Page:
• "Will there be food and drinks?"
  • "How often do we get together?"

These are all answered by knowing your communities purpose.

The more clear your purpose, the more deeply you resonate with people.

Fourth... we iterate

The purpose of my community is to bring together Austin's finest health & fitness business owners to network, mentor, coach, support, collaborate, & connect.

With this in mind, decision-making became 100x easier.

I then pivoted the group from meeting at breweries to going on walks.

If you're a health or fitness business owner (hopefully), you value health.

A walk and talk felt much more aligned with the group's purpose.

This worked for a while... until it didn't.

  • The group became too large
  • The weather was a massive factor
  • People had difficulty finding the meeting location
  • It was challenging to facilitate conversations with everyone

We then pivoted to meeting at local coffee shops and restaurants.

Again, this worked... until it didn't.

  • Venue changes became confusing
  • I constantly had to coordinate with other events
  • Certain locations were noisy, and hard to hear people talk
  • Sitting down is the bane of any good networking event

These blunders could have been avoided by knowing the group's purpose.

This was when I landed on my group's secret sauce.

Fifth... ground rules

I can't take credit for all of these. I borrowed a lot of these ideas from my buddy Nick Gray who is the master of the 2-hour cocktail party.

Start and end times

My group is busy professionals. Their time is their most valuable asses. If they go out of their way to attend my event. I want to ensure they get the most out of it in as little time as possible.

The event starts at 6 pm sharp and ends at 8 pm sharp-ish (people linger).

There is no obligation to stay, but people generally do because they end up having a great time.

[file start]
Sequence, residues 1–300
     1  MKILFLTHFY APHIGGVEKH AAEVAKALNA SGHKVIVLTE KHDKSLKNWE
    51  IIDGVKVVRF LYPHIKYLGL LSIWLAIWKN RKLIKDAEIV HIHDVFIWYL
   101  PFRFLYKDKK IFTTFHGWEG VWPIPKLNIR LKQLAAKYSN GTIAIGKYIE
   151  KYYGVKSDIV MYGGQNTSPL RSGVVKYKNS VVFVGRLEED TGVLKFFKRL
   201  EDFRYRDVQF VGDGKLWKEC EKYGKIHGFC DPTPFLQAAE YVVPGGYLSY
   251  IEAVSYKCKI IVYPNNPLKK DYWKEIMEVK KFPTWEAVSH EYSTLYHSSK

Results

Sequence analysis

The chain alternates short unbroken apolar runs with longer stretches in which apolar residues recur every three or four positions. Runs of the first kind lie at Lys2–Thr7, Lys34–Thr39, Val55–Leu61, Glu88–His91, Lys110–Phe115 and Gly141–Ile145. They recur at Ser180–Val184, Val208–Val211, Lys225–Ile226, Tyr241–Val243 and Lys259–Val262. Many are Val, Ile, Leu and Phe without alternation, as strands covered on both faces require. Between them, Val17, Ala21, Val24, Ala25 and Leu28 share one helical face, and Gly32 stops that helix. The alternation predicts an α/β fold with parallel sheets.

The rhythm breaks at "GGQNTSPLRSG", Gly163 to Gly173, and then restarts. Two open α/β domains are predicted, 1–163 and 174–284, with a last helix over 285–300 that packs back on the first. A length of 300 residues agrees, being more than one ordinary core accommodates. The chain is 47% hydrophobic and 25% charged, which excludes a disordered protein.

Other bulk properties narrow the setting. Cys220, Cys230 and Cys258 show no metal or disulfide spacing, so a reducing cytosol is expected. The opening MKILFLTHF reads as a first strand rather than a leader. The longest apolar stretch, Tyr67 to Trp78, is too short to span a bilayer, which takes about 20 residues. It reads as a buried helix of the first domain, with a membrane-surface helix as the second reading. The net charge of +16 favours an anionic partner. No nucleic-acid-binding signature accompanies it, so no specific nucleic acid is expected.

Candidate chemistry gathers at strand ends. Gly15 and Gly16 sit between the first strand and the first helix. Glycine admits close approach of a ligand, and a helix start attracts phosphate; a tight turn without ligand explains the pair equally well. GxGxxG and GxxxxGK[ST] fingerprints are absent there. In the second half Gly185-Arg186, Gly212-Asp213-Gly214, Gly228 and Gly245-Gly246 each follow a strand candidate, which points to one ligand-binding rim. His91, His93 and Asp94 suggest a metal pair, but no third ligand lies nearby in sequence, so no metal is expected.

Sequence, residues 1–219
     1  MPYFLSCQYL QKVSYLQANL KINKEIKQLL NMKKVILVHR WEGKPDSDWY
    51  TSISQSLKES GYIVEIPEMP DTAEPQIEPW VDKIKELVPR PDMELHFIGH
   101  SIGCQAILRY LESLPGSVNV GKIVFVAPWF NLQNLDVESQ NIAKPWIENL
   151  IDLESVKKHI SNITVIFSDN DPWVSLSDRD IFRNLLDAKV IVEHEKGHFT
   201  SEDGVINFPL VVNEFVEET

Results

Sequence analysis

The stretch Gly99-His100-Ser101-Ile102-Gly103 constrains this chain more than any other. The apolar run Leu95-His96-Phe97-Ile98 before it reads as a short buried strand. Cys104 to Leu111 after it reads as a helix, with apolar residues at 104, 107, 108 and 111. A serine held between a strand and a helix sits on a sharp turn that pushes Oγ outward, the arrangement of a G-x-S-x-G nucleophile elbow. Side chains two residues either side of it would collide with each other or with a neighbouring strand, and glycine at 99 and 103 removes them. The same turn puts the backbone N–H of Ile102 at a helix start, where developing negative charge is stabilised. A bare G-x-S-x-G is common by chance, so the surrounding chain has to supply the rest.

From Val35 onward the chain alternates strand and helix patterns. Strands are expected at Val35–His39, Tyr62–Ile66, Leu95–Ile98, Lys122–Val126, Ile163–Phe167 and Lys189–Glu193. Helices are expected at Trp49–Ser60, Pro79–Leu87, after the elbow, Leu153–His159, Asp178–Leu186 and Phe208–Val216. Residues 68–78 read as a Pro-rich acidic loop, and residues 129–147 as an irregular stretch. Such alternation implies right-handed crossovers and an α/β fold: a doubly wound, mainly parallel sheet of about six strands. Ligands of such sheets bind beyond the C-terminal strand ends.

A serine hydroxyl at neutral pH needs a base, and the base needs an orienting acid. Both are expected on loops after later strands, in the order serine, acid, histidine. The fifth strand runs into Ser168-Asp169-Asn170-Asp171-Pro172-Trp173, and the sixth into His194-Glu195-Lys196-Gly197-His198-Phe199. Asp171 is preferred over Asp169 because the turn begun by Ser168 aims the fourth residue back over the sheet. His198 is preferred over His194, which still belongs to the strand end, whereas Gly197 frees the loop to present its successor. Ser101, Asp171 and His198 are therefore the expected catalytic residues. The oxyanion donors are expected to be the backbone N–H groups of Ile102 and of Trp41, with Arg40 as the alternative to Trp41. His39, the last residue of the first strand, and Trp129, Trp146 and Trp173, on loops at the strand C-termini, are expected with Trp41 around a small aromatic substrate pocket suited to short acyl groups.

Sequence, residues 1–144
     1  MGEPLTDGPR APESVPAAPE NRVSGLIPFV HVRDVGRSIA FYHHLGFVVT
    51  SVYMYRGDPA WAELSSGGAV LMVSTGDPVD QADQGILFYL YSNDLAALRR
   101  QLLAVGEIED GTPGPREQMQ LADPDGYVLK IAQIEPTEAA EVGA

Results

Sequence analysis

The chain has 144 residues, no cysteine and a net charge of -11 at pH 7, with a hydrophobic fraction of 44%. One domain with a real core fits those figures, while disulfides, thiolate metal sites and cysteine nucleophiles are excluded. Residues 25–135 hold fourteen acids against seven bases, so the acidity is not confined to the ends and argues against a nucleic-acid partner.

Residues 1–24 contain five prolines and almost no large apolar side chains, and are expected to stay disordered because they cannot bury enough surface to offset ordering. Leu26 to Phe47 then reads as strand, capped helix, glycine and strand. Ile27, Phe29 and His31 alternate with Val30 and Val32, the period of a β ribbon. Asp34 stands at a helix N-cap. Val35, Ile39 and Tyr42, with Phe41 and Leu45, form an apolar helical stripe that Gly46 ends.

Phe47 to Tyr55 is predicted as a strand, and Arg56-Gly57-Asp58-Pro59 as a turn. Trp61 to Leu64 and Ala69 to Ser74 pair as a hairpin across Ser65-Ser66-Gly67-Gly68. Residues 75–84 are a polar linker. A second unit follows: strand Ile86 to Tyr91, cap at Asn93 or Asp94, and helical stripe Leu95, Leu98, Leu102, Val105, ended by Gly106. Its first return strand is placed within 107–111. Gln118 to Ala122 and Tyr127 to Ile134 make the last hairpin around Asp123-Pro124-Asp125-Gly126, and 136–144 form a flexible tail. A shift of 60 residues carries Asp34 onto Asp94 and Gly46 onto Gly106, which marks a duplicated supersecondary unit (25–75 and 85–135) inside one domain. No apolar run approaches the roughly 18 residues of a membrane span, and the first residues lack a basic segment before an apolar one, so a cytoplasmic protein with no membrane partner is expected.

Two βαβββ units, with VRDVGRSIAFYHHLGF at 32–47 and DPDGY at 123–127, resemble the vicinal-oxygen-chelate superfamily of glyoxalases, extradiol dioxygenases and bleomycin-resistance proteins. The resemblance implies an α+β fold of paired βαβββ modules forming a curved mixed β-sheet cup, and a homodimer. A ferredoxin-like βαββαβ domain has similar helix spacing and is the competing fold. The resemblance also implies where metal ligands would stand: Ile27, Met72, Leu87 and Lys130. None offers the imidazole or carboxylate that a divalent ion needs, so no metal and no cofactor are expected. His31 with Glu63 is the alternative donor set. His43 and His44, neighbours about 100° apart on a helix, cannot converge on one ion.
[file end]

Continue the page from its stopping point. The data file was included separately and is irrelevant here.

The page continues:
Having a start and end time creates mental peace for people.

They know when they should be there, and they know that they aren't going to get stuck being out late.

Everyone is busy. Respect people's times.

Throw away the chairs

Okay, don't actually throw away your chairs. But they are worth considering.

Networking is a core pillar of my events. Which means sitting is a no-no.

When someone sits down, they end up talking to one person.

That goes against the purpose of my group (to network).

I choose locations with an open floor plan. Or I hide/block opportunities for people to sit.

Standing encourages meandering. Meandering encourages new conversations.

If your community is meant to be more intimate. Maybe chairs are the perfect item for your group.

But at the very least. Consider how sitting will influence your community.


This one seems silly. But if done correctly, it can be a massive addition to a group.

Icebreakers aren't for extroverts. Nobody needs to help the extrovert come up with a million topics to talk about.

Frankly, we need to get them to talk less.

Icebreakers are for introverts. They give a clear topic of discussion that allows both people to get involved in the conversation.

The key to good icebreaker questions is relevance.

Make sure the questions you pose to the group for icebreakers are relevant to the purpose of the group.

My group's purpose is business networking. So I use a lot of business-related icebreaker questions.

  • What's the best advice you've ever received?
  • What's the worst advice you've ever received?
  • What are you procrastinating? Why!?
  • What's the biggest business mistake you've made?
  • What's your morning routine?
  • What would immediately improve your revenue?

Use icebreakers and cater them to your community to facilitate conversation.


I know what your favorite word is.

It's the sound of your name.

When someone knows our name, we feel seen. 

Everyone wants to feel seen.

Nametags make it easy.

An added bonus is that most people never remember your name when introducing yourself.

This removes the awkward "Hey, what was your name again?"

I'm not going to try and sell you on nametags.

But I will say they are mighty effective.